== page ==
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Common AP Style Mistakes in Press Releases Cheat Sheet (DRAFT) by [deleted]

Eight AP Style Mistakes Frequently Found in Today’s Press Releases

This is a draft cheat sheet. It is a work in progress and is not finished yet.

Introd­uction

It is important for PR, IR, marketing and commun­ication profes­sionals stay abreast of AP style, and its iterat­ions, so you can relate to the media on their level, write cleaner press releases, increase message adoption, and simply sound cool. Here are eight of the most common style bloopers to avoid:

Mistakes 1-10

1. Capita­lizing job titles after a person’s name – a no-no…
AP recommends that you only capitalize a title used before a person’s name, not after. The AP’s titles entry is long but worth a look since this is such a common element found in press releases.
2. Dates and times – eliminate redund­ancies.
Too often, we see dates written as “Wedne­sday, June 4, 2014” when writing simply “June 4” would suffice. Also, write dates as “June 4” and not “June 4th “ and times as “9:30 a.m.” and not AM. Always be careful with EDT vs. EST; simply using ET is a nice failsafe.
3. Trademark symbols – avoid them.
Trademarks and other symbols are not, and actually never have been, meant for use in PR and news copy. Remove these symbols to make it easier for reporters to utilize your releases.
4. Percent vs. % – in most cases, spell it out. Standard AP style suggests you write out “percent” in news releases, while utilizing the % symbol in tabular inform­ation such as financial tables.
5. Entitled vs. Titled – Can you spot the difference here?
The survey was titled “Top 100 AP Style Gaffes.” Let’s just say you’re entitled to make a few mistakes, just not AP style mistakes. In short, do not use “entitled” to refer to the title of something.
6. Acronyms come later – when referring to organi­zat­ions:
Do not put an acronym in parent­heses after the first reference to the organi­zation. Easily recogn­izable acronyms, by themse­lves, can be used on second reference without spelling out the organi­zat­ion’s name a second time.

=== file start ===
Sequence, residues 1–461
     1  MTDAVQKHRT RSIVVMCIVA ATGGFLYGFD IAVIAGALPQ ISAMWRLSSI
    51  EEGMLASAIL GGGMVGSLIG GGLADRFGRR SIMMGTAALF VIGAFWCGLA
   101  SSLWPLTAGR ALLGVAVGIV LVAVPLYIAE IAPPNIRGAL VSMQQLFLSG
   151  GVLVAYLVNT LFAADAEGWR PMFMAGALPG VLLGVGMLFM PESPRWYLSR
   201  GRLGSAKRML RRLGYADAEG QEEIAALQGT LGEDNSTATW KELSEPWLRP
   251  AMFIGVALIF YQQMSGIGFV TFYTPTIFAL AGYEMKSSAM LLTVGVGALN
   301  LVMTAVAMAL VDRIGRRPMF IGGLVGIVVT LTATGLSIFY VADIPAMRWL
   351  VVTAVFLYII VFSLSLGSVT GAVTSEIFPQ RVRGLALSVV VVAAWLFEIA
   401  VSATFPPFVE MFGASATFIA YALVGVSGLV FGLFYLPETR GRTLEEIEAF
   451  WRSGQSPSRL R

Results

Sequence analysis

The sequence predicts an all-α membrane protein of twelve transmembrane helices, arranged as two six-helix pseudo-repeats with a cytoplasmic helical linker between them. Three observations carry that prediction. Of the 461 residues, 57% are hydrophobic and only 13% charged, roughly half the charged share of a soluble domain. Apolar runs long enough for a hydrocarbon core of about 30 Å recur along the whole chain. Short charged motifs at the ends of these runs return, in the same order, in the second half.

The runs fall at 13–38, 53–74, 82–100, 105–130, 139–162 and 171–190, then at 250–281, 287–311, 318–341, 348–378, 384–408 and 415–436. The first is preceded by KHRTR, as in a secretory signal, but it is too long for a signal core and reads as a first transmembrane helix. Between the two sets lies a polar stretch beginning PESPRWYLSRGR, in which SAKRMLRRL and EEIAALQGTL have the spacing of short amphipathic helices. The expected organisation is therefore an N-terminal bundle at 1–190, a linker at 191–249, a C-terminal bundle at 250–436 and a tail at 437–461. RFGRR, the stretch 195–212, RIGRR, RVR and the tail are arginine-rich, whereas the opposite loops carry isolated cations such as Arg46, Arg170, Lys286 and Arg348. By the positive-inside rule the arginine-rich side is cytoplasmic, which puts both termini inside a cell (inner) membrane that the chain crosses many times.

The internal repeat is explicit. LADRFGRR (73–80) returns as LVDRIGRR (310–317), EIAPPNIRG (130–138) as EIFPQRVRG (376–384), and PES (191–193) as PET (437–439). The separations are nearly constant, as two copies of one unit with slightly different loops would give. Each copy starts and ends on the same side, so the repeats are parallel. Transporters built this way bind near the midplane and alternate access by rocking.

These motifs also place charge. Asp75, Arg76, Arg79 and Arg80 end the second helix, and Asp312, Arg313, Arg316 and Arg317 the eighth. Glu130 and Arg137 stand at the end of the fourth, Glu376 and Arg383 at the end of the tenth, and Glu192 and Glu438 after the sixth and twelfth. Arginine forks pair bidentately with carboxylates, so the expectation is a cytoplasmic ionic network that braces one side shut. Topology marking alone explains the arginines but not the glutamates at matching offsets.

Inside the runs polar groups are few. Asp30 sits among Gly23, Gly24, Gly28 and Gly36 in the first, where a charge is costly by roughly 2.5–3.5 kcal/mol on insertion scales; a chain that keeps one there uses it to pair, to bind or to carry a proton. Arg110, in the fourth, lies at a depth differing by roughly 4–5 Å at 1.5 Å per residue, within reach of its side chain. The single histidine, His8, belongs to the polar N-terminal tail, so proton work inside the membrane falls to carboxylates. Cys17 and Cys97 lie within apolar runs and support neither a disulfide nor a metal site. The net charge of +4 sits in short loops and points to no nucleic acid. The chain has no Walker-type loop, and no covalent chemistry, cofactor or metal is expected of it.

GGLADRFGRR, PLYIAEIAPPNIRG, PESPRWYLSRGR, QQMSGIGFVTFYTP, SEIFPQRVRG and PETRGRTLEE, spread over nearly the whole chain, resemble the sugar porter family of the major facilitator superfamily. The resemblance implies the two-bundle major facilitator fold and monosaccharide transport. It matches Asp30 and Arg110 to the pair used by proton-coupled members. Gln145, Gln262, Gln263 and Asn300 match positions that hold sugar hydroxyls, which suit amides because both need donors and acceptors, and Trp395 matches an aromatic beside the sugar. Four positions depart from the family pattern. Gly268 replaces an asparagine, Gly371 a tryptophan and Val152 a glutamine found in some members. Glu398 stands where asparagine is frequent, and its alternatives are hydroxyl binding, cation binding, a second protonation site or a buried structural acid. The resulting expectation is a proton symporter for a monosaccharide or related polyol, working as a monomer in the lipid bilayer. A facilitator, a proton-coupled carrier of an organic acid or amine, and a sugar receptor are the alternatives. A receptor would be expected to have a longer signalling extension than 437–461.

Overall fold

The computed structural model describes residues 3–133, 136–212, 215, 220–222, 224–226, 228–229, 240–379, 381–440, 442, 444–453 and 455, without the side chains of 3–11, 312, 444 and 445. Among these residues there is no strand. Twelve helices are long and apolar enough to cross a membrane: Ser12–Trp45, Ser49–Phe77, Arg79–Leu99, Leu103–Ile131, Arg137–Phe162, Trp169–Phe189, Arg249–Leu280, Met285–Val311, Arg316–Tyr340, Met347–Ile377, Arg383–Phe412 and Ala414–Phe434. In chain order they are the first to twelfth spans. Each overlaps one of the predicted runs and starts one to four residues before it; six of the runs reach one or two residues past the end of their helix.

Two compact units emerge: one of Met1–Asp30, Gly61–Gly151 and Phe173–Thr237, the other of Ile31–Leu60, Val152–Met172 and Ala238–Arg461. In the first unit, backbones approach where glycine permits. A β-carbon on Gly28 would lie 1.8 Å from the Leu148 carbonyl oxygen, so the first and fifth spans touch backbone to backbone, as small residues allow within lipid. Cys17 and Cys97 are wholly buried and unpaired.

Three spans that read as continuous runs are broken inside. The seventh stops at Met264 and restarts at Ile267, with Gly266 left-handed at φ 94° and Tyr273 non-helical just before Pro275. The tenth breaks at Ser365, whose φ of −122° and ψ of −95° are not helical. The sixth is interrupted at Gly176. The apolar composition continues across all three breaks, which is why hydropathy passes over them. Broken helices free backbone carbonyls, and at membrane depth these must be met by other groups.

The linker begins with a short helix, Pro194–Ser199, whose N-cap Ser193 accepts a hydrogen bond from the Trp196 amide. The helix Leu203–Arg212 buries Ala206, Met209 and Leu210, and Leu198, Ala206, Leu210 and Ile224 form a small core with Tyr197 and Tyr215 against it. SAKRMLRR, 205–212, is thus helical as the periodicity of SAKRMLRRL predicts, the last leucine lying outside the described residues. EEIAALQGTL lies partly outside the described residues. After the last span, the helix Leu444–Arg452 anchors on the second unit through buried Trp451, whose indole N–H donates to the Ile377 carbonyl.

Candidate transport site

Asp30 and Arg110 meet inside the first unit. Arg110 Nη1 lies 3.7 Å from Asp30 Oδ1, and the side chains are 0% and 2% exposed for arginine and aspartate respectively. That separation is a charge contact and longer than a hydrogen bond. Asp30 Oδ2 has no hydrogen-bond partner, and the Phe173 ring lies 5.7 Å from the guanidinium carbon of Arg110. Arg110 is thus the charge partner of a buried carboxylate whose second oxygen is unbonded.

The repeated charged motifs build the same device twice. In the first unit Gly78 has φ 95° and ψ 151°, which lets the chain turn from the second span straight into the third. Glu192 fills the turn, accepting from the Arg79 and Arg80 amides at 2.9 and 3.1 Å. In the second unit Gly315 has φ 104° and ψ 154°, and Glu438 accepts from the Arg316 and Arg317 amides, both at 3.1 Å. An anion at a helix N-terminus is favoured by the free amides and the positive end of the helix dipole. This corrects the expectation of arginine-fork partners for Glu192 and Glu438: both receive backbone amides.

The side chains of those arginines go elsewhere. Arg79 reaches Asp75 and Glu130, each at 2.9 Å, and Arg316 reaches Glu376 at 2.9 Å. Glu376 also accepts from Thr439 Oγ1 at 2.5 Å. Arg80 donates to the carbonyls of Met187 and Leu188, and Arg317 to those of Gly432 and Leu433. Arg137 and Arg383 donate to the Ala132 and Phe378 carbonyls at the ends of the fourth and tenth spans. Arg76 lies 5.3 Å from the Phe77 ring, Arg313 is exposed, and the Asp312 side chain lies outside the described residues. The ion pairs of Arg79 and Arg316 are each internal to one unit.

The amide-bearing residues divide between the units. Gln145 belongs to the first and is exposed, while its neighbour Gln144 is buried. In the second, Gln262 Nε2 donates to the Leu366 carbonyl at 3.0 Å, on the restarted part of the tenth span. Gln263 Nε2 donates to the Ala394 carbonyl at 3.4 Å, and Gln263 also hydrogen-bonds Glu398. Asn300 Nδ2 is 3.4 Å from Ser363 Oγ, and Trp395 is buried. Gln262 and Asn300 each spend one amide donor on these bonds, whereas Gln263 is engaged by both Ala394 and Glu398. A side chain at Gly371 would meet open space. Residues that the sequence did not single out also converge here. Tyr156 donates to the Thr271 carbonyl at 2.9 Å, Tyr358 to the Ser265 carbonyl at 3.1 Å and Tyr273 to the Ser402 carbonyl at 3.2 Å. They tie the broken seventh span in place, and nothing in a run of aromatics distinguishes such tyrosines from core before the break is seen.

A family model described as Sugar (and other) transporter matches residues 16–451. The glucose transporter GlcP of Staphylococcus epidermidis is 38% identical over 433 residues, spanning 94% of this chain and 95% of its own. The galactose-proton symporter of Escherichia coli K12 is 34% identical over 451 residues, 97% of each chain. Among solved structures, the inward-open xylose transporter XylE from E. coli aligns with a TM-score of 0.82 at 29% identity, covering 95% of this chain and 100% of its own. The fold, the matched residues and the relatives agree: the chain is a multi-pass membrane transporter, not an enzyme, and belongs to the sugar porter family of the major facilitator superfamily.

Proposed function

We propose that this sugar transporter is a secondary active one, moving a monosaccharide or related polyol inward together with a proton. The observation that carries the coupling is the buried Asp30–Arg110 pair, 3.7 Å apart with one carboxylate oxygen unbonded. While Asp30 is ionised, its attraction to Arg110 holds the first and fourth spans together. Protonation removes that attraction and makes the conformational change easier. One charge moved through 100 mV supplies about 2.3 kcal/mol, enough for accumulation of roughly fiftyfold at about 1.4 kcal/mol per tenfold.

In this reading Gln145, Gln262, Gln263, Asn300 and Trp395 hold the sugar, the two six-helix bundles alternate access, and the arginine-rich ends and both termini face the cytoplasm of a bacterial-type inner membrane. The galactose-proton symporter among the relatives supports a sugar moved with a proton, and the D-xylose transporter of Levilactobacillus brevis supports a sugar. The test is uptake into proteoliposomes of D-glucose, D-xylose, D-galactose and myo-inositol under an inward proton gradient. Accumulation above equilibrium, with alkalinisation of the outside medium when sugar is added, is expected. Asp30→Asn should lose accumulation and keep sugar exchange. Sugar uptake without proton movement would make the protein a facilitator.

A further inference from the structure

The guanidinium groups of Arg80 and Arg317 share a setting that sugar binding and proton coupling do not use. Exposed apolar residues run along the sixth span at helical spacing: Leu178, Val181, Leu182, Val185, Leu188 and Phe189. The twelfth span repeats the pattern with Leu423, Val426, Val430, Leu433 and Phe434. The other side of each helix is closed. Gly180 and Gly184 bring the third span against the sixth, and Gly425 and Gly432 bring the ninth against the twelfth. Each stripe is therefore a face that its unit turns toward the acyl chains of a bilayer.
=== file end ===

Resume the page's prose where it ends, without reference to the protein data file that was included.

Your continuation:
7. The dreaded –ly – avoid hyphen­ating these words:
Do not hyphenate a compound modifier when using adverbs that end in -ly, such as commer­cia­lly­-av­ailable products. The correct style is commer­cially available products, no hyphen.
8. Write it out – don’t use shortcuts when referring to numbers:
As the AP points out, spell out numerals one through nine and use figures for 10 or above.
 

How to Write a Press Release

Lexisnexis Press Release Mistakes

1. The title isn't concise and straight to the point
2. Your lead isn't strong enough
3. The copy is too promot­ional

Eleven Mistakes

1. Unattr­active Headline
2. Writing In First / Second Person View
3. Too Little / Too Much Content
4. Written like an advert­isement
5. Incorp­orating Obvious Selling Language
6. Over-Hyped Copy and CAPS
7. Not Making The Most Of Quotes
8. Poorly Written
9. Too Many Embedded Links
10. No News is Bad News
11. No SEO

Eight Top Release Mistakes

1. Your release has no style.
2. Your release has too much style.
3. What you’re sending isn’t really news.
4. You’re using a press release when a different tactic will be more effective.
5. You’re using spray-­and­-pray tactics.
6. You don’t do your journalist or blogger research.
7. Your release is long-w­inded.
8. You have terrible timing.